Tea Leaf Green performs at the Granada Theater in Dallas. The band is coming to Ybor City this weekend.

TAMPA – When Tea Leaf Green goes out on tour, they often get billed as a “San Francisco-based band,” even though band member Trevor Garrod says they don’t actually perform a lot in their home city – and were able to rise up with really doing it all that regularly.
“We don’t play in San Francisco that often,” said Garrod, who plays guitar and keyboards for the five-piece jam band from the Bay area. “We play on the East Coast and Midwest, mostly.” That was true even in their earliest days.
“It’s funny, but it’s really, really difficult in San Francisco to start off as a band and get people to show up and see your shows,” Garrod said. “What we’d do is every weekend we’d go out of town and play in little college towns. When we’d play in San Francisco, we’d have a lot of college kids coming in to see us play. We kind of stumbled into that, but so long as you can get the kids in there, that’s what matters.”
Bringing in students from the surrounding towns to San Francisco clubs helped Tea Leaf Green build up a fan base in that city, he added.
“Once you can guarantee that you’re going to sell tickets, there’s a progression of clubs you can go to,” Garrod said. “We started out at a small club called the Elbo Room, where we played every Monday night for a year, really cutting our teeth, then moved up to the bigger clubs, like the Great American Music Hall.”
That got Tea Leaf Green out on the road, touring across the nation — including stops here in Florida. The band is making a return visit here this weekend, and will play a show at the Crowbar in Ybor City on Sunday, March 25, supported by The Groves. The performance in Central Florida comes on the heels of the release of the band’s seventh studio album, “Radio Tragedy!” and a well-received New Year’s Eve show in Tampa with Hasidic reggae legend Matisyahu.
“We’ve been in Tampa a few times,” Garrod said. “I think it’s great playing there. I don’t think people are too different from one place to another. Audiences are pretty universal.”
The band members – in addition to Garrod, the others are Josh Clark on guitar and vocals, Reed Mathis on bass guitar and vocals, Scott Rager on drums and percussion and Cochrane McMillan on percussion – all hail from the San Francisco Bay area. That’s a part of the country still associated in the minds of some older music fans with the psychedelic sound of the late 1960s, when bands like the Grateful Dead, Jefferson Airplane and Big Brother and the Holding Company with Janis Joplin got their start there.
Garrod said the San Francisco music scene still has roots in that tradition, but he added that it’s a lot more diverse today.
“I’m San Francisco born and bred,” he said. “My whole family has been in the area for 150 years. I just feel like we represent the folk contingent of the rock movement in San Francisco. We’re not too concerned with fads. There’s still a lot of the leftovers of the whole Grateful Dead-sort of family of music, and it’s still kind of alive and well. We’ve been kind of like in that sort of family for a while. But as far as what the San Francisco music scene is like today, that’s a tough question. There’s a lot of different subgenres, I would say. There’s been a lot of sort of kitschy Jazz going on lately. But really, when it comes to Tea Leaf, we are definitely of that lineage of the San Francisco’s psychedelic movement. I grew up listening to my dad’s old records from that time. I think there’s a direct lineage from that.”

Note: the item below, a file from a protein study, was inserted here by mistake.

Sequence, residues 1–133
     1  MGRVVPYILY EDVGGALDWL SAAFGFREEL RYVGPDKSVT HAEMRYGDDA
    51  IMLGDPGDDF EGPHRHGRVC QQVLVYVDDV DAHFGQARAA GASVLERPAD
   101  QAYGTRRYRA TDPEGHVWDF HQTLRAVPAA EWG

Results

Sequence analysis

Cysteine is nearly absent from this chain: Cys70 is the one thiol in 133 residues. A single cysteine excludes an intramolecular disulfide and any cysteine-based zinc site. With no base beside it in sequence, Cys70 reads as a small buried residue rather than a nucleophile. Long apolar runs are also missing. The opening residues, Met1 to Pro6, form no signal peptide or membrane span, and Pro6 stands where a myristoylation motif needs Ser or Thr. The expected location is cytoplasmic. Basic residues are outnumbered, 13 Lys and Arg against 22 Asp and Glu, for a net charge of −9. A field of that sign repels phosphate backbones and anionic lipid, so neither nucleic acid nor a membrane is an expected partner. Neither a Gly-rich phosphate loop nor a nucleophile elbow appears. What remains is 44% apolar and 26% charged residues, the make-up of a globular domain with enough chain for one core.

Tea Leaf Green was formed by two high school friends, Clark and Rager, and put it together while they were in college, Garrod said.
“We were all in college in San Francisco and we started playing around, and when we graduated from college, we all hit the road instead of getting jobs, and that’s where we’ve been ever since,’ he said. “Four years ago we lost our original bass player (Ben Chambers) and then last year we added a second drummer, just to keep things new and fresh.”
They first began performing in 1996, and are still going strong 12 years later.
“We stuck around and never left,” he said, adding that Tea Leaf Green has had an opportunity to really perfect their sound in their years on stage.
“It’s really come a long way since the early days where we were a college jam band in the late 1990s,” Garrod said. “Now we’re kind of exploring a whole new front, and getting much more involved in the studio.”
Although the band has released albums on compact disc, Garrod thinks their focus will always be about performing live on stage.
“We’ve always been about our live shows,” he said. “That’s always been our bread and butter. The reality is you can’t make any money selling records anymore.”
But he does think Tea Leaf Green has enough experience that they know how to involve an audience in their performance.
“It’s really an accidental thing,” he said. “We’re a very egalitarian band. There’s no one person in front all the time. We all take care of singing and doing solos, and we’re very much into improvising and being in the moment — which could be a disaster, but for some reason by happenstance it’s not. There is an element of chaos in what we do — which you need. We go in with a plan, of course, but it’s the chaos in which we shine.”
The Crowbar is in the Ybor City neighborhood, at 1812 N. 17th St. in Tampa. To learn more about the show, call 813-241-8600.

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